The A-Bomb off our coastAssociated Press
February 14, 2013
BRUNSWICK, Georgia - On a winter night nearly 55 years ago, the pilot of a B-47 bomber carrying a nuclear bomb collided with a F-86 fighter jet at 36,000 feet during a training exercise.
The accident tore a wing from the fighter jet, forcing the pilot and a crew member to safely eject. The bomber sustained damage to one of its engines, making it uncertain if it could safely land at Hunter Air Force Base, west of Savannah.
The pilot was instructed to jettison the nuclear bomb before attempting to land, so he dropped the weapon into the shallow waters off the Georgia coast, near Tybee Island, on Feb. 5, 1958.
Despite a search that lasted more than a month, the bomb, 11 feet long and 3 feet in diameter and weighing more than 7,000 pounds, was never recovered. The Air Force determined it was "irretrievably lost."
In 1998, retired Air Force Col. Derek Duke helped renew interest in finding the bomb. He helped form a salvage company to mount another search in 2004, but he never found the weapon.
"It was determined since we could not find it, it would still be considered irretrievably lost," he said Tuesday.
But Duke, who lives in Statesboro, about 75 miles from where the bomb was ditched, is convinced that if the federal government conducted another search, using the newest technology, the bomb would be found. And he believes it is simply a matter of convincing the right government officials that finding the weapon is long overdue.
"If it would have been dropped in the Potomac River, it would have been found a long time ago," he said. "There's a lot of weapons-grade nuclear material (in the bomb). When this was lost, all the nuclear material was written off the books."
At the time of the accident, Duke said it was standard practice for nuclear weapons to be carried during Air Force training exercises.
"Our bomber force was the first line of defense in a nuclear war," he said. "It was the politics, the atmosphere at the time."
Duke says he still gets calls and emails asking about the bomb at least once a month, so he knows it's still a concern.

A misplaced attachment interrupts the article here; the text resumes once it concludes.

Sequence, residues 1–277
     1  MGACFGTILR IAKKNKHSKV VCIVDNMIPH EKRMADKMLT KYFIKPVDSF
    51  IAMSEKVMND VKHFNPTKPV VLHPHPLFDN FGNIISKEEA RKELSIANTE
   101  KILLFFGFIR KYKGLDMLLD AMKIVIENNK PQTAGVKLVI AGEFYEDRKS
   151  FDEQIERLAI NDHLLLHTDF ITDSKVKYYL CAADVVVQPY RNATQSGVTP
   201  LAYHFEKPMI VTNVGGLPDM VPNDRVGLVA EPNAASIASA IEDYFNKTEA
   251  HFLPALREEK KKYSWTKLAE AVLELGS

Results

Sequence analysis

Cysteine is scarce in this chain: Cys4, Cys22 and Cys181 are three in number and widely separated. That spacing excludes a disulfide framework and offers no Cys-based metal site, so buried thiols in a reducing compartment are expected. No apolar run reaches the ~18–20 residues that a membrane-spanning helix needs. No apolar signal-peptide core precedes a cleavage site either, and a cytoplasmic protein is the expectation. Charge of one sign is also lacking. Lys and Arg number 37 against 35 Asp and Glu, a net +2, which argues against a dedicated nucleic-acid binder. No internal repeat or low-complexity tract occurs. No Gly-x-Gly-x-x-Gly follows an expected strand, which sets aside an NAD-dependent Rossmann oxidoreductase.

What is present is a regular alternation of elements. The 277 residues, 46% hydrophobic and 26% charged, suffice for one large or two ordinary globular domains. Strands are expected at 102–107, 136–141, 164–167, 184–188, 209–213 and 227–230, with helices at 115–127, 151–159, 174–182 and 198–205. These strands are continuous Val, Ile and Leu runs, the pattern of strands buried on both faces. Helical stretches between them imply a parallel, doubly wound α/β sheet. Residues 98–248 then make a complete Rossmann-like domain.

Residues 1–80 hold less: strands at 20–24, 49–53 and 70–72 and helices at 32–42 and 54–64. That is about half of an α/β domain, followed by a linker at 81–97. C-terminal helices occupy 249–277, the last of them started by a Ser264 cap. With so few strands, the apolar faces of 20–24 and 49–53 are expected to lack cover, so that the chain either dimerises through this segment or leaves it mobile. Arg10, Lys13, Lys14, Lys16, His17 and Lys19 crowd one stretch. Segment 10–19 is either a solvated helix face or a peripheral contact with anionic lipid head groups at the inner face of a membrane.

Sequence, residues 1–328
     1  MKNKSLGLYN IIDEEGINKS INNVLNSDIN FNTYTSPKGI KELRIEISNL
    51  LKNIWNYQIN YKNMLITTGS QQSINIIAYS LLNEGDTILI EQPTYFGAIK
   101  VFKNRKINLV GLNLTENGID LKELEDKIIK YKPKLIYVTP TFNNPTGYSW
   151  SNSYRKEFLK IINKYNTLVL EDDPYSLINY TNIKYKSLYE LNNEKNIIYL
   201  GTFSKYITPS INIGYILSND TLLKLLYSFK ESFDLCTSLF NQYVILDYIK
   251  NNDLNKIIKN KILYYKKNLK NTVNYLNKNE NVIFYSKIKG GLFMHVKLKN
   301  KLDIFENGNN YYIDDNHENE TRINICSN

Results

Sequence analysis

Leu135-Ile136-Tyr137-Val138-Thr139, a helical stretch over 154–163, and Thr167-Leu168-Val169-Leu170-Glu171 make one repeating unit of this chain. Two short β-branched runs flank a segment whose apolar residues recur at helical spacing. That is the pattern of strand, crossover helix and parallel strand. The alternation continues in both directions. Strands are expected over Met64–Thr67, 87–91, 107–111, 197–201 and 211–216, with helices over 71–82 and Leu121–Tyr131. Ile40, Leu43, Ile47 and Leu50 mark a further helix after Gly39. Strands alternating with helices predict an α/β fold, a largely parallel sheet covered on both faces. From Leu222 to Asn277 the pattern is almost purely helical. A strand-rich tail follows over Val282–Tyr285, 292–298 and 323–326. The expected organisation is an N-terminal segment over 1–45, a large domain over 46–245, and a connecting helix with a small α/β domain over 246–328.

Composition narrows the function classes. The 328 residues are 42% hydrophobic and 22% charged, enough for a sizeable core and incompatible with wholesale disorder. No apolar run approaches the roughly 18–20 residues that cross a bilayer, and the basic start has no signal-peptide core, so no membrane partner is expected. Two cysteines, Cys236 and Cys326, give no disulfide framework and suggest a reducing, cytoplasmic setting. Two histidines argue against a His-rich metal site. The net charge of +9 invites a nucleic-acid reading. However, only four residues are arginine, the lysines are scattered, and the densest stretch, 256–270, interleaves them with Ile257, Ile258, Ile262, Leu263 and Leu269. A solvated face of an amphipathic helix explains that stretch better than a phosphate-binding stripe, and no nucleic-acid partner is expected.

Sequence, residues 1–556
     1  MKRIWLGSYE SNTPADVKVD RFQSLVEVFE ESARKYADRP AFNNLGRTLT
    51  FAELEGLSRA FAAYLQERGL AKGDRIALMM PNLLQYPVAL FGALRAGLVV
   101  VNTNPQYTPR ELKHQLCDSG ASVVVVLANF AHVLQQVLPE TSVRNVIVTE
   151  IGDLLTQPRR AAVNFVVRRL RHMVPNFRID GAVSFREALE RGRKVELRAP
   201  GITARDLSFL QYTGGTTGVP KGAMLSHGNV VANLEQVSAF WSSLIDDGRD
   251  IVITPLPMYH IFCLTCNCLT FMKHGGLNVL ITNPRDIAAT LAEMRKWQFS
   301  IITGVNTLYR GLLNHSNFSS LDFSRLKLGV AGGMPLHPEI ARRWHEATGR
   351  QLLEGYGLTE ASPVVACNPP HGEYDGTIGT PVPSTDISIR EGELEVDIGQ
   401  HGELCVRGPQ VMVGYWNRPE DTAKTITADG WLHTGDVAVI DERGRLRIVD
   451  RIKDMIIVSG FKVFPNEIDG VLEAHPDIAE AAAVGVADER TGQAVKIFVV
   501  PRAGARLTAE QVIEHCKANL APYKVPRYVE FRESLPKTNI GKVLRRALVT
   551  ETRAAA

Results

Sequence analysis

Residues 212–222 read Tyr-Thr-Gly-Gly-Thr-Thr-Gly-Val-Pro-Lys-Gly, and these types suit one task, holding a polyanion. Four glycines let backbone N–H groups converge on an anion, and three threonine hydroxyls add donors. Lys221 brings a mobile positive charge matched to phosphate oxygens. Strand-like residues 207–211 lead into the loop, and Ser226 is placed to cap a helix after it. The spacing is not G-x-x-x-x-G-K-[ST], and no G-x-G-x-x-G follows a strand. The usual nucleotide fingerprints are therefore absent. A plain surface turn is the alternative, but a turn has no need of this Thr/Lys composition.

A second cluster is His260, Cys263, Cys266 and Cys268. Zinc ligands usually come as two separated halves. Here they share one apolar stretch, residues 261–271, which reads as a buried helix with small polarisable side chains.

"It's a question about what risk is there," he said. "I have to be careful, because I don't want to alarm the public."
But according to Jerry Brandon, a former staff member at Sandia National Laboratories, an engineering and science laboratory in New Mexico under contract to the U.S. Department of Energy, the public should not be concerned about the bomb exploding.
"The worst thing that would happen is, it would leak plutonium," he said.
Brandon, who has a post-doctorate degree in physics, worked at the lab from 1972 through 1979, trying to find uses for radioactive material left over from making nuclear bombs.
He says it would "be a good idea to find it," because of the radioactive material. But Brandon, who lives in St. Marys, doubts if the radioactive material will ever be found if the corrosive salt water has dissolved the metal exterior of the bomb.
Clark Alexander, professor of geology at Skidaway Institute of Oceanography, a University System of Georgia research institute on Skidaway, says it is likely the bomb is buried 20 to 30 feet deep in sediment.
Despite the radioactive material and an estimated 400 pounds of TNT in the bomb that is becoming more unstable as time passes, Alexander says the best course of action is to leave the weapon where it lays. He has no concerns about adverse impacts to the environment.
If the bomb is buried deep in sand, Alexander says it is likely the bomb casing has already corroded and has leaked nuclear material. It is also likely a nuclear leak won't be noticed because of strong tides flushing the material to sea.
"If it's in the sediment, it's relatively well-flushed," he said. "It would have no effect, whatsoever."
Duke concedes it is possible the bomb will never be found unless a targeted new search is conducted or a powerful hurricane uncovers it from its resting place. But it's not impossible.
"They find things all the time from World War II in Europe," he said. "It's literally anyone's guess where it is. It touches a lot of history."